$ echo "test"> README.md

$ git add README.md

$ git diff --cached

+++ B / README.md

@@ @@ -0,0 +1

+ test123

Approving changes

Changes set out in staging may be committed to the repository by git commit, which requires determining a description of changes – commit message. We can select a text editor, which Git will use through the environment variable $EDITOR. You can also override the default value before executing the command:

$ EDITOR=vim git commit

git commit also allows to enter the commit message as a parameter to the command:

$ git commit -m "Add README.md"

It is also possible to completely omit the staging step by using a shortcut:

$ git commit -a -m "Add README.md"

Note that the parameter -a takes into account only those files that are already tracked.

We can also overwrite the last commit to correct it or add more changes by using --amend flag:

$ git commit -m "Add README.md"

$ git add README.md --amend

$ git commit -m "Add README.md"

Undoing changes

You can also undo the staged changes by using the git checkout command if you have modified a file, which is already being tracked by Git in the working directory.

$ git checkout -- README.md

If in doubt, git status reminds the syntax if it detects changes.

(Use "git checkout -- ..." to discard changes in working directory)

History check

With at least one commit, we can see the history of the repository through git log.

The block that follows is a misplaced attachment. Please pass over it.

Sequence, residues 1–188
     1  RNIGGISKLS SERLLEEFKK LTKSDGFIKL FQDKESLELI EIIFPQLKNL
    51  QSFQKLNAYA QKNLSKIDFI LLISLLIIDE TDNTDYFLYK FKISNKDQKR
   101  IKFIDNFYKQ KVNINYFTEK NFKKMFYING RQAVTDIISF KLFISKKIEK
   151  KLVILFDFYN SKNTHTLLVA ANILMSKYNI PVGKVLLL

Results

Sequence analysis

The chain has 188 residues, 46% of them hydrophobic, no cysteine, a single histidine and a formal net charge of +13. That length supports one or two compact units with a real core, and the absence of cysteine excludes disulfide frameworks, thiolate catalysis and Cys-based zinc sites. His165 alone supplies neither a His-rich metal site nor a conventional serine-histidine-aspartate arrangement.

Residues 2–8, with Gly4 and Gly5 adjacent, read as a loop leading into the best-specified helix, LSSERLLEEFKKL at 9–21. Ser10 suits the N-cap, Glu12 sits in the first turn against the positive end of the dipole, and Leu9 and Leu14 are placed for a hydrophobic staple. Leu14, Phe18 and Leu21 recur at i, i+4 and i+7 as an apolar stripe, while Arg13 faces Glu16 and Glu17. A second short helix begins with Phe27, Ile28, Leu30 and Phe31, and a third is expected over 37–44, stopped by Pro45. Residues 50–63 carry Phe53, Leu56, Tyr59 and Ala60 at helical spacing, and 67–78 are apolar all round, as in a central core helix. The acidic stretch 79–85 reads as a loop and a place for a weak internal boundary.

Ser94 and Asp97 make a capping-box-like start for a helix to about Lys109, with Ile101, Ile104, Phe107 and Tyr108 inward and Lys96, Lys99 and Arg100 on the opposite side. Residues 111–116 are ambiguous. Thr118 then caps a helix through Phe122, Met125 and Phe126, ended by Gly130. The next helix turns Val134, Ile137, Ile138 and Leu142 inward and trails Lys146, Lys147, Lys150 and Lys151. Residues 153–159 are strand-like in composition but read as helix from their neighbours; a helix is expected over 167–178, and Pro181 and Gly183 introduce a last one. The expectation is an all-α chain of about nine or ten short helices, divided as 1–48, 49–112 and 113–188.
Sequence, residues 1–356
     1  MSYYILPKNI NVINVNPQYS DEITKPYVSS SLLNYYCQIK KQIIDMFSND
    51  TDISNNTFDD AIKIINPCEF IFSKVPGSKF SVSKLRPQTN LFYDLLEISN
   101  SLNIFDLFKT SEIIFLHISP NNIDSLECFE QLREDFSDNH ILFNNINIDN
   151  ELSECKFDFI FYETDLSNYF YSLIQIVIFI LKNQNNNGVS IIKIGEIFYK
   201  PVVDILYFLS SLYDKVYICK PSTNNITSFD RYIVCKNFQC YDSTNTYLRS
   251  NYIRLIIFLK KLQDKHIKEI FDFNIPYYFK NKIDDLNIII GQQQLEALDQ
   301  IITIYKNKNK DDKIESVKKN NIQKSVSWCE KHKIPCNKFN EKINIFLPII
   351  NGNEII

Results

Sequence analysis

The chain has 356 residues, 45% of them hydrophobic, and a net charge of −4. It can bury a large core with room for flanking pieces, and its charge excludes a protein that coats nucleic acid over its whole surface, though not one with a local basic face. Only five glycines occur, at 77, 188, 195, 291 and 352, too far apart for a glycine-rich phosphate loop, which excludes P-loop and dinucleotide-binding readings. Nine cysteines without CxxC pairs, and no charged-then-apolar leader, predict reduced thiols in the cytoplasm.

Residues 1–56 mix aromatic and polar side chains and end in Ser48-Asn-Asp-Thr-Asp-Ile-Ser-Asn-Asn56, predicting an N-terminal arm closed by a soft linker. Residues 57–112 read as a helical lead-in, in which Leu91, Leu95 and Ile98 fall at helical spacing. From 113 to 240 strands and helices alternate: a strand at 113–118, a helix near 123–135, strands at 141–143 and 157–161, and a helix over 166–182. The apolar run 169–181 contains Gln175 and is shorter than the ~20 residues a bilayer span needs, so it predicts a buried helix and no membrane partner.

$ git log

commit 900d87e0d958ad186d9266e1e469d7e23ab8bbf9

author: John Doe <john@example.net>

date: Thu Dec 8 2016 0100 4:39:31 p.m.

    Add README.md

Shortly about branches

Branch in Git repository is a separated part with its own commits history.

To see a list of branches in the repository, we can use the git branch command.

$ git branch

* master

An asterisk next to the branch name means that it is currently active.

To create a new branch we use the same command with the name of the branch as a parameter.

$ git branch example-branch

We can switch between different branches using git checkout.

$ git checkout example-branch

Switched to a new branch 'example-branch'

It is also possible to use a shortcut to create a new branch and immediately activate it.

$ git checkout -b unicorn-branch

Switched to a new branch 'unicorn-branch'

To copy changes from one branch to the other, we can use merge or rebase command. The most obvious difference between them is that merge creates merge commit every time except when fast forward is being used. It may add some unwanted noise into the branch. That’s why in case of a need to copy changes from master to other branch it’s a good idea to use git rebase.